experts: real estate column Friday, February 16, 2007

West Kootenays Are Luring Buyers

While the East Kootenays have become the playground for Albertans, the West Kootenays are being seen as the new destination for Greater Vancouver buyers.

By Ozzie Jurock

While the East Kootenays have become the playground for Albertans - 22% of the 4,430 B.C. properties purchased by Albertans last year were in the East Kootenays according to Landcor Data Corp ( - the West Kootenays are being seen as the new destination for Greater Vancouver buyers.

And many of these buyers aren't coming to just ski and golf - though both are world-class in the region - but are young professionals and their families fleeing the Lower Mainland's high house prices.

On a single day in July for instance, eight large U-Haul moving trucks arrived full in Castlegar from Vancouver, according to Sherry Molnar Gray of Mike's RV Ranch, the Castlegar U-Haul dealer. In the previous three weeks, 10 large, 26-foot moving trucks had been dropped of in Castlegar after delivering new families to the area. Molnar Gray called the influx the largest she has seen in the last five years. And she adds that the majority of those trucks arrived with young families and most had come from the coast.

The Castlegar and District Chamber of Commerce said staff at the Chamber's visitor centre had received over 5,000 visitors in the second quarter of this year, 1,500 in June alone. Many of the visitors are asking about relocation and investment, including MLS listings.

The West Kootenays lure is understandable and the statistics confirm the housing action. Sales on MLS through the Kootenay and District Real Estate Board were up 11.3% in July, for instance, one of only three Boards in the province that posted an increase from July 2005.

Take a drive into Nelson (we recommended it 5 years ago), the trendy old town at the heart of the West Kootenays, and you are immediately struck by the youth in the city: young parents and their children and what appear to be many young singles. "We are actually a magnet for DINKS (dual income no kids)," (Ed. note: As opposed to Yaletown's DINS: dual income no sex.) explains Roy Heuckendorff (250-352-3433) economic development officer for the town of 10,000. These aren't hippy-looking young people: the patrons of packed coffee shops on the historic-style main street make it look more like Yaletown.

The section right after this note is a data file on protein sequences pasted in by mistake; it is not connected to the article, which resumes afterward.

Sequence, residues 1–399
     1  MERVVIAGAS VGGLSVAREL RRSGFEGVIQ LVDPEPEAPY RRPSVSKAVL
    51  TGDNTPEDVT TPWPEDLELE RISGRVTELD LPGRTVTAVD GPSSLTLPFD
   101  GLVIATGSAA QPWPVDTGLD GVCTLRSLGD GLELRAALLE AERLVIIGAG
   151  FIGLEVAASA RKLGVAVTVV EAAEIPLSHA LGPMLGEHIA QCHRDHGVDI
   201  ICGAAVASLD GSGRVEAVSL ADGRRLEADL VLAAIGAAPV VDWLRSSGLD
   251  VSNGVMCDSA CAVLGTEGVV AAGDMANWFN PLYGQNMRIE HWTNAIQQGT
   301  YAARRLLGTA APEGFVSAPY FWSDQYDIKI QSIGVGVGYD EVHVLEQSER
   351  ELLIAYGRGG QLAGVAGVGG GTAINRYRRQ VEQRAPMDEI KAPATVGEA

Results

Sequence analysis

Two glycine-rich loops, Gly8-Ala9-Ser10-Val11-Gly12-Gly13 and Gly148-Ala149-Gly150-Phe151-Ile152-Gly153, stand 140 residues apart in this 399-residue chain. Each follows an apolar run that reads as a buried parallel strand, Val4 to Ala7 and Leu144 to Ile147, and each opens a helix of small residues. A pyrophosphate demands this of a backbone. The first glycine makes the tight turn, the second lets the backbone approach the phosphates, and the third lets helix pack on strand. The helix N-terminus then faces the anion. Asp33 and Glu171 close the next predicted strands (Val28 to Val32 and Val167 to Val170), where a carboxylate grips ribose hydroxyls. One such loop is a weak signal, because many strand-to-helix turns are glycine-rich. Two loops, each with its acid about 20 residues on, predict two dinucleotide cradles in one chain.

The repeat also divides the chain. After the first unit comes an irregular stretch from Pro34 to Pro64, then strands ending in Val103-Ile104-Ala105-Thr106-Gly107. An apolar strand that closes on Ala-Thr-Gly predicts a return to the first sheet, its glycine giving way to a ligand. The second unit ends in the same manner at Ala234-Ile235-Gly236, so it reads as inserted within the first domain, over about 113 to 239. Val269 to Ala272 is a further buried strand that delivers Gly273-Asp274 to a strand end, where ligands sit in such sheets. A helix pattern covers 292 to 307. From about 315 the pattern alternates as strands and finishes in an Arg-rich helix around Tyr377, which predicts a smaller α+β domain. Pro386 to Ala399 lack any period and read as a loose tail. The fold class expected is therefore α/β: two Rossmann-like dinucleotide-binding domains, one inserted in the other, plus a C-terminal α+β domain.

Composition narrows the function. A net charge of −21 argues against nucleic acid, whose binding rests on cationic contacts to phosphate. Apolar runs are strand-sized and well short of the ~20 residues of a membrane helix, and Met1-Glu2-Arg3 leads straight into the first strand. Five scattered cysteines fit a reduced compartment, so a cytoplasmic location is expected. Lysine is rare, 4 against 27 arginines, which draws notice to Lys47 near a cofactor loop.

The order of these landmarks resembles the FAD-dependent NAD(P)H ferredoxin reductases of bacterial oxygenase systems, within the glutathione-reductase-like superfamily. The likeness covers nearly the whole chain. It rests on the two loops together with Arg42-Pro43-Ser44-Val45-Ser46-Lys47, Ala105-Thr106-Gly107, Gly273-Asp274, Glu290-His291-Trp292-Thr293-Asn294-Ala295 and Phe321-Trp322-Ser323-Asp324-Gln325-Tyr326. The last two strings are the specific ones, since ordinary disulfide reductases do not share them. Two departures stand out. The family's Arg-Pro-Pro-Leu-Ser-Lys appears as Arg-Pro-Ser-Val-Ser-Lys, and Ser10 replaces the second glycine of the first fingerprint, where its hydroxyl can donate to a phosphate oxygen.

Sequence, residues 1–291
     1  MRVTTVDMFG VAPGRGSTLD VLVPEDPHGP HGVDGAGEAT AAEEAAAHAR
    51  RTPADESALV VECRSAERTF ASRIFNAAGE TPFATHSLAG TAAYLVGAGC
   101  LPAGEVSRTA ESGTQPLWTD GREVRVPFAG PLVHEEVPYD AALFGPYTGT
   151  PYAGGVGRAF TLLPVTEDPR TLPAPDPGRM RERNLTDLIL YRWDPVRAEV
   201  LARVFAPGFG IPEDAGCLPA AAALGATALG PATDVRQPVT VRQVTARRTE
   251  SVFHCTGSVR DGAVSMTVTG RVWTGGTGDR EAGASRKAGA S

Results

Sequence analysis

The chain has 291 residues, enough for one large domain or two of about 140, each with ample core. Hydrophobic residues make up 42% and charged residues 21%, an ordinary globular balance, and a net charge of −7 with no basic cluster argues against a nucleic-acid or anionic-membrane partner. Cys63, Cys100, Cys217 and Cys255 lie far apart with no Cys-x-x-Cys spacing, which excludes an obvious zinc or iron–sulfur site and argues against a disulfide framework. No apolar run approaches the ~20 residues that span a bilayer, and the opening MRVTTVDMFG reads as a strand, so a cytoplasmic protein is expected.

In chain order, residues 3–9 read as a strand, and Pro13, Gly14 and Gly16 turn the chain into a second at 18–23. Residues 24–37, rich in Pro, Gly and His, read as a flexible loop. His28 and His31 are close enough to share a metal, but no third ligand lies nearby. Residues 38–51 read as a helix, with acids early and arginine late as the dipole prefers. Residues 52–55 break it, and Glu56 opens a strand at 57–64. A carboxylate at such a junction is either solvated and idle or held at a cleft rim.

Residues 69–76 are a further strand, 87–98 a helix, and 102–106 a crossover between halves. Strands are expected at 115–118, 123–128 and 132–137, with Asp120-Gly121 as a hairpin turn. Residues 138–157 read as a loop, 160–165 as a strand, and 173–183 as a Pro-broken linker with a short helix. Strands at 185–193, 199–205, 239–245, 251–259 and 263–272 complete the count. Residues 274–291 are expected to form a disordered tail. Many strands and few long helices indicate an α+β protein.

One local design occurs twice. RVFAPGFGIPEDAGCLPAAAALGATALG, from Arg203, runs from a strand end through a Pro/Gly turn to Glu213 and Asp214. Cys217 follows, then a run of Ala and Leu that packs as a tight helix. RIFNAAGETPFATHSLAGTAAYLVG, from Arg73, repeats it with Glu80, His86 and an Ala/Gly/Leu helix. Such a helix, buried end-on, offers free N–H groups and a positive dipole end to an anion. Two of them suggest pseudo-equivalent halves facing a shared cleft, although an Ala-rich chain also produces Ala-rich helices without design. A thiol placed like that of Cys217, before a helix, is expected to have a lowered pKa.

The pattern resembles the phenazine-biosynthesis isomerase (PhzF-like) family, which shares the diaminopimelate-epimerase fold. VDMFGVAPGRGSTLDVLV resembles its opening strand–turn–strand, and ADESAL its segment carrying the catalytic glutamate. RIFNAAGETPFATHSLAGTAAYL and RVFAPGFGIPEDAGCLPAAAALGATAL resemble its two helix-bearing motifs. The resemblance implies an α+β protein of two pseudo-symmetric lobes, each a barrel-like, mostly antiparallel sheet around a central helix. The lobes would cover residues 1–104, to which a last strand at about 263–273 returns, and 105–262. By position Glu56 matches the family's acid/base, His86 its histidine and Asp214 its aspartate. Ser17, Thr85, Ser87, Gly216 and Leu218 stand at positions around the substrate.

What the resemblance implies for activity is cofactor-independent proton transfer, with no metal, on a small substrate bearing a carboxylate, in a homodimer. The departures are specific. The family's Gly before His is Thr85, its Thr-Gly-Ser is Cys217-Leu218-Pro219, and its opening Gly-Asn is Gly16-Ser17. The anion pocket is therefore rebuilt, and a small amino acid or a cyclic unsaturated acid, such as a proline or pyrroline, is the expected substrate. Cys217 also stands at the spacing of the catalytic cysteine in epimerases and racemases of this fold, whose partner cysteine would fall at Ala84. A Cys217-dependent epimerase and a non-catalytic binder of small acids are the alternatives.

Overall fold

Nelson is the quintessential representation of what planners call a techno destination. The town has no big industry but is buzzing with high-tech and artistic entrepreneurs. The stage manager for Madonna lives here as do Star Wars movie designers, Microsoft programmers and scientists for a world-class genetic research lab. The town was named one of the top artists communities in North America last year and its anti-Bush, anti-war stance (the famous statue to war resistors is tucked in a backyard) drew the attention of the New York Times.

"We get a lot of information requests from young, educated Americans," said Heuckendorff. Nelson is the only Kootenay town without a McDonald's and with an annual Gay Pride parade. The town has a vibe. There are art school students, classical musicians, scientists, intellectuals, extreme mountain bikers, Rotarians, Doukhobors, and countless alternative health practitioners. There's a community college, two Tibetan Buddhist meditation centres, the Academy of Classical Oriental Sciences, the Canadian Legion, a Waldorf school, a co-op radio station, 30 restaurants, and an unknown numbers of marijuana grow-ops - and a Wal-Mart.

While real estate prices have shot up in Nelson, we had no trouble finding detached houses for under $150,000, though less expensive houses in nearby Castlegar and Trail are more common.

The real deal here in Nelson is homes in the $250,000-$300,000 range, which translates into five-bedrooms on a full acre or nice homes with great views of the Kootenay River. Building lots have nearly doubled in value in the past year, to the $130,000-$150,000 range.

Nelson's waterfront is the site of at least three new developments, from condominiums to building lots. In town by the landmark orange bridge, only 9 of 38 waterfront condos are left in a pre-selling stick-frame project (Ross Lake at 250-354-8403) that completes next year. Prices start at $225,000. Judging from local rents, it would be difficult for these to carry as an investment. Local rumours are that at least four other condo developments are being eyed for downtown Nelson.

Major Point: The West Kootenays represent a top real estate investment in B.C., drawing buyers from Calgary, Vancouver and Washington State. Outstanding golf and skiing (see low real estate prices and a vibrant economy add up to a region where prices are just starting to move up quickly.

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